Foreword: At last, I have reached the final part of my story on my church, St. James Episcopal in historical downtown Lancaster, PA. It has been over three months since I returned home from the hospital after having spinal fusion surgery and finding myself bored to death as I recuperated. The two-volume set of books titled St. James Church by Klein and Diller helped me pass the time as well as acquaint me once again with the history of the church which I became a member of in the late 1940's. As I said in other "Foreword" entries, I hope I haven't changed history with my stories or left out any significant parts of the history of the church while trying to condense 271 years into a few manageable stories.
|St. James Churchyard in Lancaster, Pennsylvania.|
|This is the Churchyard as it appeared in 1929.|
|One of the stones in the "Memorial Garden."|
This stone holds the names of my mother
and father who were members of St. James.
|Stones are embedded in the Mercer tiles in front of the altar.|
|When the original choir room was removed and a new chapel|
was constructed in the early 1960s, some tombs were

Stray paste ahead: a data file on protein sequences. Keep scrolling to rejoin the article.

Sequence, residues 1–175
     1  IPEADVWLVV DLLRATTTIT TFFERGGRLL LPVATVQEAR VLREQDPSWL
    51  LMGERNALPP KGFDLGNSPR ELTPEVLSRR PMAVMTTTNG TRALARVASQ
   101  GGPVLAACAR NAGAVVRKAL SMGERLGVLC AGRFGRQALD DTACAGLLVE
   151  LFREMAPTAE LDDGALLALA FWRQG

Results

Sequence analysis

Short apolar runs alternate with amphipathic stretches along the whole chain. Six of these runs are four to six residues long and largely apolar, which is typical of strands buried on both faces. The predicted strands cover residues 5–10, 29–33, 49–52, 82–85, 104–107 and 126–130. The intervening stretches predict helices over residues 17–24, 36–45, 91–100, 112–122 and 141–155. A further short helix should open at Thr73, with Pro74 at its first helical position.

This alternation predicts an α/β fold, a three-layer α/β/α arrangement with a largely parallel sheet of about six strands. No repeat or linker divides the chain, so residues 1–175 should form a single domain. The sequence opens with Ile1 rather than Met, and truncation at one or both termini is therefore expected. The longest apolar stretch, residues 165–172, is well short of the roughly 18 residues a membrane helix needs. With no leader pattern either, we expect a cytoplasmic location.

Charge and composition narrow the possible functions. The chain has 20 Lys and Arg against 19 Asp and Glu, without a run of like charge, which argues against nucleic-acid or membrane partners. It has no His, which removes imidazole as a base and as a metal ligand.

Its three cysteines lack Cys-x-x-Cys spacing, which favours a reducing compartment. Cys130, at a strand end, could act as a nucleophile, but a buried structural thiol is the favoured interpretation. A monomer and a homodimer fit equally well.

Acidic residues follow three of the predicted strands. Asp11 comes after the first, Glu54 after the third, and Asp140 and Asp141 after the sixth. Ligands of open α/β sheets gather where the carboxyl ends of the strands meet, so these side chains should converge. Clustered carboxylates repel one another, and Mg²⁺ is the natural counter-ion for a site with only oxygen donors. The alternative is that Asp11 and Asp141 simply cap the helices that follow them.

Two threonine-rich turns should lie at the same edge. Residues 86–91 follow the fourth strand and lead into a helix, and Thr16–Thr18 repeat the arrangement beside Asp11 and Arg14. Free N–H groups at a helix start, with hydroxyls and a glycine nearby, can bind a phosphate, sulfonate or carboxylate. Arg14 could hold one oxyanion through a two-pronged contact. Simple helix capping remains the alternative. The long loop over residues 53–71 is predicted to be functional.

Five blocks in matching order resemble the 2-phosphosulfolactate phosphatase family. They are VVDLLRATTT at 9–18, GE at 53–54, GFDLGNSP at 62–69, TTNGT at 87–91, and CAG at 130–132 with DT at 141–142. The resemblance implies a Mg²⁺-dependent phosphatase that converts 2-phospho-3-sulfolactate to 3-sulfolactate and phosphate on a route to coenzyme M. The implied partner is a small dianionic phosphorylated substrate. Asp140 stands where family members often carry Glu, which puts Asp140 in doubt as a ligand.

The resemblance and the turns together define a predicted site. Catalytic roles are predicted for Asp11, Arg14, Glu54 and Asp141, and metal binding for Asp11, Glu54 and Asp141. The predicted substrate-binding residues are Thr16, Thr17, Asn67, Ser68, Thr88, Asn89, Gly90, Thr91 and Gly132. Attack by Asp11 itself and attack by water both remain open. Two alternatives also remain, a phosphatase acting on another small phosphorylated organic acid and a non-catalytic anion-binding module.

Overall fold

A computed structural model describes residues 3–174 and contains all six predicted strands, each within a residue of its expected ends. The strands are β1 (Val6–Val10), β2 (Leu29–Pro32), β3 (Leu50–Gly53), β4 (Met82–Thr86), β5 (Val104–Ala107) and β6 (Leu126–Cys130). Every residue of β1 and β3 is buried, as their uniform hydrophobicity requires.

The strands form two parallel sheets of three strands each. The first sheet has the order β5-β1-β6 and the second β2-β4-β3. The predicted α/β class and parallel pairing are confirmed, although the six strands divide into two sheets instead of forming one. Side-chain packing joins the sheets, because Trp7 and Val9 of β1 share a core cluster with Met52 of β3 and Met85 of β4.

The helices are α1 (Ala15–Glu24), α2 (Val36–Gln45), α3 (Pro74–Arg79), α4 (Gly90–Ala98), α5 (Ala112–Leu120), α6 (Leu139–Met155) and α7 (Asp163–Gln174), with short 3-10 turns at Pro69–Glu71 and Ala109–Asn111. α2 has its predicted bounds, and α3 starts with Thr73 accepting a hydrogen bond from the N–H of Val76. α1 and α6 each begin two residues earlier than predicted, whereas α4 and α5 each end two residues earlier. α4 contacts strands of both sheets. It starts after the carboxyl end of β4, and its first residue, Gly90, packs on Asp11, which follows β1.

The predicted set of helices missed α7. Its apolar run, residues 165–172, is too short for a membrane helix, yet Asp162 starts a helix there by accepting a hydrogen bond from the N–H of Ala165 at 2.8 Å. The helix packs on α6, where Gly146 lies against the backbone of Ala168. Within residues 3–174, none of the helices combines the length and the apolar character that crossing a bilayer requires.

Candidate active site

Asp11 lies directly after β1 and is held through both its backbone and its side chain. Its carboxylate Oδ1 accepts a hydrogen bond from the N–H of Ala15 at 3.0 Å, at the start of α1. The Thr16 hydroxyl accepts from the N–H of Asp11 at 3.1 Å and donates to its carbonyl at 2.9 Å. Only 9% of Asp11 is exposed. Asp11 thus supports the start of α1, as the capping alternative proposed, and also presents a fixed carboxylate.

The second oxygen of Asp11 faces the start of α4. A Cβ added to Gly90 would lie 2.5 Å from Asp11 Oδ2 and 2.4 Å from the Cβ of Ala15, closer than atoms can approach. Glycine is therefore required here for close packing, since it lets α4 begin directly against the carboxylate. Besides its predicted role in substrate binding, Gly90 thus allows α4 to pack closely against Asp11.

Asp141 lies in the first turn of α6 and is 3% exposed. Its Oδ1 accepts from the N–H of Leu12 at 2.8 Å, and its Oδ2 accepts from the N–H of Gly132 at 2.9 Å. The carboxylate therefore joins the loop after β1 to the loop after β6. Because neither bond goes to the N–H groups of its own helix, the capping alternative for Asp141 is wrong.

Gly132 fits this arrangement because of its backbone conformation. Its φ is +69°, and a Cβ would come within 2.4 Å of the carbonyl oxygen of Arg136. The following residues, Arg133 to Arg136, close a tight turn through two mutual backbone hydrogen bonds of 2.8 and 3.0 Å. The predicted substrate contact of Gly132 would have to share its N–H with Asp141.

disturbed. Their remains and tombstones were relocated
to the walls of the hall between the church and chapel.
|Looking through the brick posts which were part of the original|
Churchyard towards the memorial gazebo at the other end
of the Churchyard on the north side.
The south side of the Churchyard which is open to the public. This also shows the two large brick entrance posts and the beautiful metal gates they hold. The Chancel of the church can be seen in the distance.
This is the double-page, detailed map of St. James Churchyard that show where each grave is located. It matches a multi-page chart with names to help locate all the people buried in the Churchyard.
This stone is in memory of the more than 200 unmarked graves that are in the St. James Church graveyard.
A marker in memory of the signer of the Declaration of Independence, George Ross.
William Augustus Atlee was the Chairman of the Committee of Safety during the American Revolution. Also a Burgess of Lancaster and Judge of the first Supreme Court of Pennsylvania. He was a Warden and Vestryman of St. James Church.